Nicki Minaj was among those asking the actor to change the brand's name.
In the Caribbean culture, J'Ouvert is a festival held annually during Carnival in places like Trinidad, Tobago and Grenada. It is also the name of Michael B. Jordan's new rum brand, which did not sit well with many, including Nicki Minaj.
On Tuesday, Jordan responded to the criticism by taking to his Instagram Stories with an apology and a plan to try and make things right.
"I just wanna say on behalf of myself & my partners, our intention was never to offend or hurt a culture (we love & respect) & hoped to celebrate & shine a positive light on," he wrote. "Last few days has been a lot of listening. A lot of learning & engaging in countless community conversations…"
He assured his followers that he and his partners have heard the criticism and they are responding. "We hear you. I hear you & want to be clear that we are in the process of renaming," he continued. "We sincerely apologize & look forward to introducing a brand we can all be proud of."
The initial outcry began after media reports began circulating that Jordan's girlfriend, Lori Harvey, had posted images from what appeared to be a launch party for the new brand, including its original name.
When word came out that Jordan had filed to trademark the term, as noted by ET, the outcry intensified. Especially as it included the claim that the word has "no meaning in any language." That's far from the truth.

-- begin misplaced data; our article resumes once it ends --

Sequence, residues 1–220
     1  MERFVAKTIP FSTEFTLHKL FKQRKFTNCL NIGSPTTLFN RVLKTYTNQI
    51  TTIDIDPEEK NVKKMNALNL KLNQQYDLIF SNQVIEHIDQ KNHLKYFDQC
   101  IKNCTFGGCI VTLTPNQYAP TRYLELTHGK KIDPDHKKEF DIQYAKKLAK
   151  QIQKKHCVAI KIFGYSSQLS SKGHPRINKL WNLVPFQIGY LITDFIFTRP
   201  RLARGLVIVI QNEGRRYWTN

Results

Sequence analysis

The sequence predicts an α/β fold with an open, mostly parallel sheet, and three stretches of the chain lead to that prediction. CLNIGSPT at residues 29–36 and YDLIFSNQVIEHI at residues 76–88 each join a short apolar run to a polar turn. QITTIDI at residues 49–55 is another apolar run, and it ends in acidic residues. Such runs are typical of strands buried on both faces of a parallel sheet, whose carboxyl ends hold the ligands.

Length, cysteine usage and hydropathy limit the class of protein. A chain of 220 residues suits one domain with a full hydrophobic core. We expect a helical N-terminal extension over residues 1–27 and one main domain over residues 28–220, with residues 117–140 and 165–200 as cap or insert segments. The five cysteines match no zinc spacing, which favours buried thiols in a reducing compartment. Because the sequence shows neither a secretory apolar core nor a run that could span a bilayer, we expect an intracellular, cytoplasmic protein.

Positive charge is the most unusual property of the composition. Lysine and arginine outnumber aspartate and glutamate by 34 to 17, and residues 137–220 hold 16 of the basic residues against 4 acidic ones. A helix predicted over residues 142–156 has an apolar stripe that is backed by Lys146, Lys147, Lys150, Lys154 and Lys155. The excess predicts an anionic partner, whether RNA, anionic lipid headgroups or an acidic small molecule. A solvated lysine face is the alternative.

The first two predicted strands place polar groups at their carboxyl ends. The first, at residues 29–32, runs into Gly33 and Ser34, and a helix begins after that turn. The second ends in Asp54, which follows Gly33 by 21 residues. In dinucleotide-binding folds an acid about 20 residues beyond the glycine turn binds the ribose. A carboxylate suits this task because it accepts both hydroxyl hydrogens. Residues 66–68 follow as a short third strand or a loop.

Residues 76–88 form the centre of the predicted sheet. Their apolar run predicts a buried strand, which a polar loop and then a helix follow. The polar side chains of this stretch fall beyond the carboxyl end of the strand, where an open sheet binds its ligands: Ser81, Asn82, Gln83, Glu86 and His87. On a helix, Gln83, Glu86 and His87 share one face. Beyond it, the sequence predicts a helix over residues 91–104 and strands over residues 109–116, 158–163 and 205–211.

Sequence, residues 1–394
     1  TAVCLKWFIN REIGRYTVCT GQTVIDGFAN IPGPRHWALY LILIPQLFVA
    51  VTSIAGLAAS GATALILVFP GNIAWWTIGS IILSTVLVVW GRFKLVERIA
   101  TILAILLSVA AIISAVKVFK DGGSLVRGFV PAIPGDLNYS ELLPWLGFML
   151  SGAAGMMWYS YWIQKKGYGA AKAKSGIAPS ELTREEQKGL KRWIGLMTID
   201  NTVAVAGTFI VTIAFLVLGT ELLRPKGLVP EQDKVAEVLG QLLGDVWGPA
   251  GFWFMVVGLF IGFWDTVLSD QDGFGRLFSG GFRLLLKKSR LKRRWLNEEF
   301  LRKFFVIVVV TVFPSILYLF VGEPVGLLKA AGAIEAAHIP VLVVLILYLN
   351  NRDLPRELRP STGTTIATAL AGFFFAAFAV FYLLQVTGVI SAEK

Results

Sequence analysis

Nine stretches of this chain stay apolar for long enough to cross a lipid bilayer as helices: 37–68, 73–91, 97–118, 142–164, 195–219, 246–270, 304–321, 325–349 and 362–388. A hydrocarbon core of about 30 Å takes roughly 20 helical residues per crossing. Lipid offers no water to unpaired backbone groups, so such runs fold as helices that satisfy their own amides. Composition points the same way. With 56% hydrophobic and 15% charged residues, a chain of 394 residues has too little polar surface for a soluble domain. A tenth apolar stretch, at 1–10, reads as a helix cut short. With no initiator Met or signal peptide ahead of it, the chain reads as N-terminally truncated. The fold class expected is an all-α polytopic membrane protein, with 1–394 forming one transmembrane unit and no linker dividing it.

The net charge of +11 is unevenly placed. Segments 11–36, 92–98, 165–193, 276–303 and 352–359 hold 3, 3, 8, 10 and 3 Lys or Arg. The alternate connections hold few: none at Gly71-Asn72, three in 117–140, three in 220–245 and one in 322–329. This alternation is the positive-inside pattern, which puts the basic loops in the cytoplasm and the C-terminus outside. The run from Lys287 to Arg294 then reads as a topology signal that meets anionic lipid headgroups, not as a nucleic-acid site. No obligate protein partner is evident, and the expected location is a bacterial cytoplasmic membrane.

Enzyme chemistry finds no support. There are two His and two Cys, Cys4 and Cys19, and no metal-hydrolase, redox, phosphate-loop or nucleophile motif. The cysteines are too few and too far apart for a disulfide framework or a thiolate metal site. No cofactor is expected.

While usually celebrated with jubilation, those celebrations are tied to the emancipation of enslaved peoples, thus holding a much deeper meaning to the cultures and communities participating. A change.org petition was launched to try and have Jordan's filing dismissed.
Minaj, who is Trinadadian, was among those who voiced their concerns about the festival name being used to brand rum. On June 22, she shared a message explaining the cultural significance and history of J'Ouvert, and like the petition, her intent seemed to be to educate Jordan and urge him to make a change.
She accompanied that with a message for Jordan, writing, "I'm sure MBJ didn't intentionally do anything he thought Caribbean ppl would find offensive. but now that you are aware, change the name & continue to flourish & prosper."
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